Five things you need to know about BT’s bid for EE

BT’s bid to buy mobile telecoms group EE for £12.5 billion has now been completely cleared by the Competition and Markets Authority, which means it will go ahead shortly. The company has been interested in expanding its mobile services for a while, and was rumoured earlier in the year to be investigating O2 as a potential purchase.

Five things you need to know about BT's bid for EE


This merger will allow BT to deliver a fully-functional ‘quad-play’ service. This quad-play package involves the bundling of home phone, broadband, TV and mobile contracts into one deal – ostensibly allowing big savings. It’s a system that’s proving increasingly popular, particularly in overseas markets.

But what makes this different to the hundreds of corporate deals and takeovers that happen every day? As it happens, quite a lot. Read on to find out five things you need to know about BT’s purchase of EE.

1. BT will become the biggest service provider in the UK

The first result of this purchase will be that BT will own a large share of the market. It already controls 31% of the fixed-broadband market, according to Ofcom figures, as well as 37.6% of home phone traffic. This merger would add EE’s 33.8% control of the mobile sector to their already-inflated portfolio.

The similar merger of Orange and T-Mobile – that birthed EE – in 2010 saw the company take an immediate and commanding market lead. The company dominated the industry to the extent that in the 2012 auction of 4G spectrum bandwidths, Ofcom had to step in to prevent smaller companies like Three from being muscled out altogether.


Rival companies are already complaining that this deal would provide BT with an unfair competitive advantage. Our own Barry Collins has previously said that “no sane regulator would give [this deal] the green light” when it was first rumoured.

2. Customer service could get even worse

Both companies are ranked lowest for customer service in their respective fields, and are widely derided for their poor handling of issues and complaints.

Of special note is BT: not only did Ofcom reveal their satisfaction rate to be “significantly lower than average”, “They also performed below average on specific customer service measures including speed and ease of getting through to the right person, time taken to handle issues and offering compensation or a goodwill payment.”


BT previously admitted that it struggled to cope with the rush of customers following the launch of BT Sport. Attempting to integrate EE’s 24.5 million subscribers with its existing services could provide a similar scenario, and therefore put BT’s customer service to the test – potentially resulting in a further drop in customer satisfaction standards.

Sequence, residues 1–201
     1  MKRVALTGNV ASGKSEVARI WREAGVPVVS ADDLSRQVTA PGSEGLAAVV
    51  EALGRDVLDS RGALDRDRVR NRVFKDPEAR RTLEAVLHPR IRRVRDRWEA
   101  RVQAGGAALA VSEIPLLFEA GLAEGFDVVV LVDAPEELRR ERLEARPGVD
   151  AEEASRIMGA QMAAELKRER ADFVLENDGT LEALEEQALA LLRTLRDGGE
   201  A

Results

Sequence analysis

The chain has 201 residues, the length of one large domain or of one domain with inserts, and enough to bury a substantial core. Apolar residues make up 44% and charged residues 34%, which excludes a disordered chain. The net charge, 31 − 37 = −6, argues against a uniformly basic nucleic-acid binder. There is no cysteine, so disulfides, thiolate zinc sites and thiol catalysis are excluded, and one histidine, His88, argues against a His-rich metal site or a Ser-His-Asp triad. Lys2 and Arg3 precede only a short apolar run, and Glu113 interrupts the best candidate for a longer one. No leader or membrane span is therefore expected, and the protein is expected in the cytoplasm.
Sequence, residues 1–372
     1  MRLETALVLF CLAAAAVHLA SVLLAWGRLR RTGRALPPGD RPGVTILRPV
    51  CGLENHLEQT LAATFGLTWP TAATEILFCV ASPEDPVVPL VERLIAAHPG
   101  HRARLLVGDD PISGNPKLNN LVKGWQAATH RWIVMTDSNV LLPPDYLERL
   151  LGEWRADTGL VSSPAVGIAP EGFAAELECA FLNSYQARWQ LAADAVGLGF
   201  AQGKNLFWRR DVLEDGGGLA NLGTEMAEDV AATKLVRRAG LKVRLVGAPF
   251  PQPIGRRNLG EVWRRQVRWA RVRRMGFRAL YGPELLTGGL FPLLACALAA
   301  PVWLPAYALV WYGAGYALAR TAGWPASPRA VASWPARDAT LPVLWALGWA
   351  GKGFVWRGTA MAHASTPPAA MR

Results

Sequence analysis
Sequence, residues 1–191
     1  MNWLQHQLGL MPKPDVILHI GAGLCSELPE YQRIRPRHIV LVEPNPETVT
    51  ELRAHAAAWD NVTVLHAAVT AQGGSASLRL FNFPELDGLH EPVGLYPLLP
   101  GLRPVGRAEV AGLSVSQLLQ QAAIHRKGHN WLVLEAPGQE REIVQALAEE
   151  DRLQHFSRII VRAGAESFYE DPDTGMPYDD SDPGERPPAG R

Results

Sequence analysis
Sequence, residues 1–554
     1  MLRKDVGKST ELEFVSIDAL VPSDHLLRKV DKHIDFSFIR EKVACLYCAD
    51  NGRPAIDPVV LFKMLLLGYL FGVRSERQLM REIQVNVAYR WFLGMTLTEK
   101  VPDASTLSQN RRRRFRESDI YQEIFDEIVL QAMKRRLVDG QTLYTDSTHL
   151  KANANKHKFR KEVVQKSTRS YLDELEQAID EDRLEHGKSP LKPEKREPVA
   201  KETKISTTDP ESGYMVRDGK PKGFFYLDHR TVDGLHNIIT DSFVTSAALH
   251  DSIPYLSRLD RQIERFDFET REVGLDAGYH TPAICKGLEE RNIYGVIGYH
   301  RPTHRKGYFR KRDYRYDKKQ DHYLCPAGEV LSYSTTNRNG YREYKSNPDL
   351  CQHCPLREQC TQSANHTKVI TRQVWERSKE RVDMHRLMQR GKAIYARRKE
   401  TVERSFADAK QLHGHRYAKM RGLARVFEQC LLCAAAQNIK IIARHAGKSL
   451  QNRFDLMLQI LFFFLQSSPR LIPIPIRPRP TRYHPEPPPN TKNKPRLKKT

3. Price rises could be imminent

Another potential downside of the deal is the looming spectre of price increases. £12.5 billion is a lot of money, and although some of it will be paid in the form of shares, around £7 billion will still need to be paid by the company.

BT said it expects significant savings from cuts to services such as its IT department, thanks to a more centralised service. However, these cuts have only been valued at £5 billion according to a Barclays analyst, and it’s not unlikely that BT will try to split the cost of its new purchase with its subscribers.


It wouldn’t be the first time customers’ bills have felt the sting of a new acquisition either. The live football rights required by BT Sport (for which the company is still facing substantial payments) saw prices rise for end users of its home phone and broadband services.

Although the company never admitted a direct link between the addition of BT Sport and the price hikes. The increases were widely unpopular, and it’s a situation that could be repeated here.

4. It could be even harder to change networks

According to Technology Media Telecoms analyst Dan Ridsdale, one side effect of the deal is that it will “reduce churn”. In layman’s terms, this refers to the number of contractual customers who leave a service, and is frequently used as a measure of market satisfaction.

This is because it’s incredibly difficult to change provider for one aspect of a bundled contract, particularly since ‘unbundling’ it will invalidate any savings.


For example, if you’re unhappy with the broadband aspect of your quad-play contract, switching to Talk-Talk or Virgin whilst keeping the rest of your services is likely to be incredibly difficult. This could allow BT to retain customers for longer, even if they are not happy with the service.

5. It’s definitely happening

Up until today, it wasn’t certain that BT would be allowed to go ahead with the merger on competition grounds. The clearance from the Competition and Markets authority means this big regulatory hurdle is cleared. As John Wotton, chair of the CMA inquiry put it: “Having considered all the evidence, the group does not provisionally believe that, in a dynamic and evolving sector, it is more likely than not that BT/EE will be able to use its position to damage competition or the interests of consumers.”

However, in theory the CMA decision makes it more likely that Ofcom, which is conducting a far-reaching inquiry into the broadband market, could order BT to spin off its Openreach subsidiary – something which rivals have demanded. 

READ THIS NEXT: Is THIS what your BT Broadband connection passes through?

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